Q507 Mr Ruffley: A final question. The report talks about international competitiveness, but was written at a time I think where there wasn’t too much cognisance given to what an FTT-financial transaction tax-might do to UK banks. As a result of the Prime Minister’s decision to veto the EU treaty last weekend, there is a possibility that the 17-plus, and maybe some others, might attempt to go for a financial transaction tax if Britain stays out of it. The Chancellor-quite rightly, in my view-said we will be kept out of an FTT, but are there any ways in which that could adversely impact on a bank like yourself headquartered in the UK?

Peter Sands: We certainly welcome the Chancellor’s stance on a financial transaction tax, because for Europe, either the EU or the eurozone, to try and implement a financial transaction tax without the rest of the world doing so would make it extremely difficult for an organisation like us, where 90% of our business is outside Europe. In terms of a eurozone only one, we find it quite difficult to work out what the impact of that would be on us, because the devil is in the detail of how they determine the scope of it. From our perspective, the thing that I am most concerned about coming out of the summit last week is the fact that, once again, the eurozone has not produced a credible answer to how the challenges of the eurozone are going to be dealt with and what the growth agenda is going to be. Although we have negligible direct exposure to the eurozone, and none at all in terms of sovereign exposure to the more troubled countries, I don’t think anybody in the world can be complacent about the consequences of the eurozone continuing to face the kind of turmoil and difficulties that it is taking on.

Chair: We had better move on now.

Q508 John Mann: Is there anything coming out of the European Union or the European Commission-and you mention the financial transaction tax, but are there any other specific proposals that you have concerns about?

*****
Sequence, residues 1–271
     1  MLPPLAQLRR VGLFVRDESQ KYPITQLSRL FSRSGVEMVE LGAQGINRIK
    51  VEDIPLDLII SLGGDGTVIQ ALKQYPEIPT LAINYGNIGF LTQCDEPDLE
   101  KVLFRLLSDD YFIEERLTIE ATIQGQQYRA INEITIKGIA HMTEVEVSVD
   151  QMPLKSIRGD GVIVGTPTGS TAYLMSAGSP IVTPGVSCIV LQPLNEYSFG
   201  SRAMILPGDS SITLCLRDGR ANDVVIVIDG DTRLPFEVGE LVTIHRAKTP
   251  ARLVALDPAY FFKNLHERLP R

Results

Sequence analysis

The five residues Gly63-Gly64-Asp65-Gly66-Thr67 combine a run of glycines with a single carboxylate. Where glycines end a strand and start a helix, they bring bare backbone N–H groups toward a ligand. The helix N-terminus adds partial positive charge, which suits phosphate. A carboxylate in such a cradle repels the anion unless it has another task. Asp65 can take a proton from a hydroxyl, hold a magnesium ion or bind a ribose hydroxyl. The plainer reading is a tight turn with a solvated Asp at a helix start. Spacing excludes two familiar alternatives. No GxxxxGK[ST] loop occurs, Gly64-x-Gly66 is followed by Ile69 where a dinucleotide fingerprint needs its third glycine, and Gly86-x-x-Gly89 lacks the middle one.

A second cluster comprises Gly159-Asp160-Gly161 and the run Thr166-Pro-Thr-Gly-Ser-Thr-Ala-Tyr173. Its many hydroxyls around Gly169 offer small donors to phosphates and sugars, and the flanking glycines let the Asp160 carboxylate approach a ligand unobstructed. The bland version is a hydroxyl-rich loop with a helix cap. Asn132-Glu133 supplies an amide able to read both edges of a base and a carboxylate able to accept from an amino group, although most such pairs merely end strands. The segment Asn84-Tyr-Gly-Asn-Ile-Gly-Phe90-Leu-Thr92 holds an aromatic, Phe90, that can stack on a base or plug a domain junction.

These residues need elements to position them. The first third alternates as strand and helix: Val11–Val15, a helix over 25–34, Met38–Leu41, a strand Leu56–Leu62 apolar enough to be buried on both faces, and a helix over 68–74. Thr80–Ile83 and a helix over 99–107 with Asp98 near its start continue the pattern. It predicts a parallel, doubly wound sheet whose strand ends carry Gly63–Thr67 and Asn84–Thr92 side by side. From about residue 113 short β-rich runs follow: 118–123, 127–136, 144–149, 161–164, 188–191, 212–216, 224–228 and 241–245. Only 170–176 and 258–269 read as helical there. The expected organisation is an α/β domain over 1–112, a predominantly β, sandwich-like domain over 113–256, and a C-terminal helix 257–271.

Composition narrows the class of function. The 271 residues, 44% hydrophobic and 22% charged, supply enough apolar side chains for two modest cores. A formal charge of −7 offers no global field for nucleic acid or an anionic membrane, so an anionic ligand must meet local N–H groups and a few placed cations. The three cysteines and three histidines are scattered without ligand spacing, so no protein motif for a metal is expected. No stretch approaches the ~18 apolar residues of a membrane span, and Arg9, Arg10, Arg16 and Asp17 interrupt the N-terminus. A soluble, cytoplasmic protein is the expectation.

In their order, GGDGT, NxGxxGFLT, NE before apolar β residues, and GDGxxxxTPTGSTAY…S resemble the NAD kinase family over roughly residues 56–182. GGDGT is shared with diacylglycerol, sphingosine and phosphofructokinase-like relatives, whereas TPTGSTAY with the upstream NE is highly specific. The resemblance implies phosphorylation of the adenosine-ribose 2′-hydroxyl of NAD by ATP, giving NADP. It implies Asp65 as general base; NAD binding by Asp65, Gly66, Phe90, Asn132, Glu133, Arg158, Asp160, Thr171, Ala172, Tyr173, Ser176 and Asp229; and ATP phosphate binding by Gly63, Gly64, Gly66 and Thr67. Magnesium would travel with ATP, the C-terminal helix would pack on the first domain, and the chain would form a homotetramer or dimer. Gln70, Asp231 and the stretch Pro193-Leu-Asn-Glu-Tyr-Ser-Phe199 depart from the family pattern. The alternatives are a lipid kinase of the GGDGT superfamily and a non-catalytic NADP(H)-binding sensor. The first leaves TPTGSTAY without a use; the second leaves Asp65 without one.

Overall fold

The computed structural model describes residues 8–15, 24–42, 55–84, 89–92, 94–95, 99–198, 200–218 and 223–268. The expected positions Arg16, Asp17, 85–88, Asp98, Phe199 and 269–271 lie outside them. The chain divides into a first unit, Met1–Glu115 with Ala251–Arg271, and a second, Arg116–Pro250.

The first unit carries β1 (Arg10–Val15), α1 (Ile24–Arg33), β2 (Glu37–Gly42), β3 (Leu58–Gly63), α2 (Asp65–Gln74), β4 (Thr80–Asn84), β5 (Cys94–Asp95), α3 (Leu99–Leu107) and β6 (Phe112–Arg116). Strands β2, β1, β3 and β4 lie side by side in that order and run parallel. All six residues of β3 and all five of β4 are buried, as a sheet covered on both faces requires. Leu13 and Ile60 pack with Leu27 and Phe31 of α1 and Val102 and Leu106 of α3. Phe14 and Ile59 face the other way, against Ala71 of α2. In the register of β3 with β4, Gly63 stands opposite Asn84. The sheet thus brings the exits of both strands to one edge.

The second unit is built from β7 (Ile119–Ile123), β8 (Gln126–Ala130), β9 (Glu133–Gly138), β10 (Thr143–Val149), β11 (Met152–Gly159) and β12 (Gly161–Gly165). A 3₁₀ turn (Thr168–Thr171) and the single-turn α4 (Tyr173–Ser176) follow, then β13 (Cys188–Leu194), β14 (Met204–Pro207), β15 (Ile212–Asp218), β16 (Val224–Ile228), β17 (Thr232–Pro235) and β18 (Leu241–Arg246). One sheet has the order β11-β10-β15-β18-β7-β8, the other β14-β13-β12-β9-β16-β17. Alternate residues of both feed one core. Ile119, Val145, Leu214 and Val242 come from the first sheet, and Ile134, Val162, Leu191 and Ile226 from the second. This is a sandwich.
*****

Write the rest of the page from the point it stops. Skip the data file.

Peter Sands: There are quite a lot of proposals coming out of Europe at the moment. The one I do think this Committee might want to take a look at-and I realise you have a fairly daunting agenda of different topics to look at-is the most recent thing coming out on crisis management directives. That is not to say we are against consistent approaches to resolution and recovery, because we think to have consistent approaches is the answer, but we think there are some aspects of that, particularly some aspects that seem biased against entities outside the EU that we find very troubling, given how much of our business and how much of the UK’s international financial services business is outside the EU. That is clearly an important piece of legislation coming of Europe and would merit quite close scrutiny.

Q509 John Mann: That is one. I am not suggesting you spend the rest of the hearing listing the others, but approximately how many other specific proposals, which are on the table at the moment from the European Commission, do you have concerns about?

Peter Sands: I would find it difficult. There is a lot of material. But let me not be entirely negative. There are some aspects of the proposals coming out of the EU that we think are superior to some of the things coming out of the FSA, so it is not that everything out of Brussels is necessarily a bad idea. I would reiterate the biggest issue is the fact that, on any one topic, we are facing sometimes multiple proposals within the UK, other proposals coming out of the EU, some coming out of the FSB and Basel, and then we operate in 70 countries, and most of those have their own variance as well. I could spend more than a couple of hours trying to explain exactly how capital regulation works, and it is not the most coherent of topics.

Q510 John Mann: I am trying to get at two separate aspects here. One is the level of importance to you as an institution of things coming out of the European Commission. But I suppose an easier way to put it is how important we as a Committee should be regarding that in terms of the many priorities that there are. How important is the stuff not coming out of this country but out of the European Commission, in terms of your operation as a bank?

Peter Sands: It is very important because, although it goes through a process of refinement and change, ultimately the capital requirements, directives and so on, end up being the things that gets translated into FSA regulation that we then have to operate by. As I say, some of the European stuff is very sensible and a lot of it is fundamentally just trying to translate into legislation things that have already been agreed at Basel III. One of the things that I am often uncomfortable with is that there is an inward-looking EU focus on some of it, which is quite difficult to reconcile for us, given that we are a business that is growing and focused on the fast-growing markets of Asia, Africa and the Middle East.